Blue-collar workers pay more for auto insurance, analysis finds
Drivers who earn their living working in blue-collar jobs and do not have a college education stand a greater likelihood of being charged higher rates for minimum liability coverage by several of the nation's largest automobile insurance companies, according to an analysis by the Consumer Federation of America.
''Auto insurers charge high premiums for minimal coverage to most working people -- even those with perfect driving records -- who live in urban areas," said Stephen Brobeck, executive director of the Washington, D.C.-based organization.
''Since most Americans need a car and almost all states require the purchase of auto insurance, many lower-income workers are faced with the choice of paying these high, and often unaffordable prices, or breaking the law by driving without insurance."
The consumer group conducted an analysis of the 10 largest auto insurers in May and June and found that five of them use the driver's education and occupation to determine how high or low their insurance premiums will be.
Geico often charges a factory worker with a high school diploma far higher annual premiums than a plant supervisor with a college degree -- 45 percent more in Seattle ($870 versus $599); 40 percent more in Hartford, Conn. ($1,299 versus $926); 33 percent more in Oakland, Calif. ($922 versus $693); 23 percent more in Louisville, Ky. ($2,200 versus $1,791) and 20 percent more in Baltimore ($1,971 versus $1,647).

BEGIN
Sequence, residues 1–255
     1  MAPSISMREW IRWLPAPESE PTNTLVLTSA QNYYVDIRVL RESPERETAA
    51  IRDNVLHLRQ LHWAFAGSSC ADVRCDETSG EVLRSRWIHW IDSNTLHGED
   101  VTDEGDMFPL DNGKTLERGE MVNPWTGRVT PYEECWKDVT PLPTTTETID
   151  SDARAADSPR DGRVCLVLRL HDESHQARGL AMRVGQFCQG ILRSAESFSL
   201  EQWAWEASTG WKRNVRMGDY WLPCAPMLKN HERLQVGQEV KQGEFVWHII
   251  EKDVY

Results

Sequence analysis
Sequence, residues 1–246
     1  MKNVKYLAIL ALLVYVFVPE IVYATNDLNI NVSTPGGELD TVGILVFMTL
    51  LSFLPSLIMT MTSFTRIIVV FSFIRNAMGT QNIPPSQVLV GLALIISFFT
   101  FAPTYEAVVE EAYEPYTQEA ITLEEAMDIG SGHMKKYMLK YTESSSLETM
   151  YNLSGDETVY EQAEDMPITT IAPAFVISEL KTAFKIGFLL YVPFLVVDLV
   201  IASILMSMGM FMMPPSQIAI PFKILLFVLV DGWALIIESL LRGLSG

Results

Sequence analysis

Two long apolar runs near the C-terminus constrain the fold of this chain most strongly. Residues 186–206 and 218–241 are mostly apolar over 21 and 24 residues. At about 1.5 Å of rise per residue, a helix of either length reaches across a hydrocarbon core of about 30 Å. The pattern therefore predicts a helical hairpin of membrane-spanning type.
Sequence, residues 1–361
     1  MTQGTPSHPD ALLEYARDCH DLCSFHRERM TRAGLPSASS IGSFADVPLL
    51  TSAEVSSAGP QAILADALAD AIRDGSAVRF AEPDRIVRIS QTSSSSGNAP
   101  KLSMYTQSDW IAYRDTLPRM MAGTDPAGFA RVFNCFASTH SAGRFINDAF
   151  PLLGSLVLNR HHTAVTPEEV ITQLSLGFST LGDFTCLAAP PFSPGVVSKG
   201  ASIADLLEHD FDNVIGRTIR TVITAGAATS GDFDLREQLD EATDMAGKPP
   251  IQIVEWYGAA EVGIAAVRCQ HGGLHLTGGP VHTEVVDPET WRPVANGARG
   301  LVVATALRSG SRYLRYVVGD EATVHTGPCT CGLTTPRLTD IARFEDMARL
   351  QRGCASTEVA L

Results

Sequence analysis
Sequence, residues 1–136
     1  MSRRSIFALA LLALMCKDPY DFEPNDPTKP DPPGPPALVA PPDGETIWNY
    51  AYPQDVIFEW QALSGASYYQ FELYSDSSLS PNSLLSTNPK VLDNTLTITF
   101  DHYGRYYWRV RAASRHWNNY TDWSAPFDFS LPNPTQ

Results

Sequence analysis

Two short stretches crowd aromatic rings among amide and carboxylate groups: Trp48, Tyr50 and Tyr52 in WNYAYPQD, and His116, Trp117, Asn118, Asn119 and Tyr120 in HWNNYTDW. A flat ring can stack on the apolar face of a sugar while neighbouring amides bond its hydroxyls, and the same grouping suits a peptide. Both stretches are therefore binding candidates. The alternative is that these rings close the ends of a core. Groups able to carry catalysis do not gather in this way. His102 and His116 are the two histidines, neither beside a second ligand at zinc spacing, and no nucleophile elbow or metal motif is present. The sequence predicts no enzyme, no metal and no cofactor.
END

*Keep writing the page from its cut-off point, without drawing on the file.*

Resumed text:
Researchers said they found Progressive, Liberty Mutual and Farmers insurance companies also have a pattern of charging drivers who work in blue-collar jobs a higher premium for auto insurance than they did white-collar workers.
However, half of the insurance companies -- State Farm, Allstate, USAA, Nationwide and Travelers -- apparently do not use education or occupation in their rate making, at least not in the 10 states the Consumer Federation used in its comparison.
The driver they studied for the analysis was a hypothetical 30-year-old single woman renting in a moderate-income area with a $30,000 median income. She owns a 2003 Honda Civic, which she has driven for 10 years with no accidents or moving violations. She also had been without auto insurance coverage for 15 days at the time researchers began checking rates for her.
The analysis showed if this woman were a factory worker with a high school education, she would be charged high to very high annual premiums for minimum liability coverage by the insurers whose websites permitted rate comparisons.
The quoted prices, especially the nine that exceeded $2,000, show that insurers either are overcharging lower-income consumers or are not interested in serving them, researchers said.
CFA estimates that one-quarter to one-third of drivers with household incomes under $36,000 -- 40 percent of all households -- are uninsured.
One of the largest trade group representing the auto insurance industry -- the Property Casualty Insurers Association of America -- said that laws in all 50 states require insurers to charge actuarially justified rates and that some state agencies, such as in Maryland and New Jersey, charged with enforcing these laws have reviewed the use of rating factors like education and occupation and found them to be justified.
''We know that certain occupations are correlated with a lower level of risk and therefore, all other risks being equal, enjoy a lower rate," said Alex Hageli, director of personal lines policy for the Chicago-based trade group. "We continue to support, as we always have, the use of actuarially justified rating factors. Education and occupation are such factors. We have full confidence in state agencies to ferret out any inappropriate use of rating factors as alleged by CFA."
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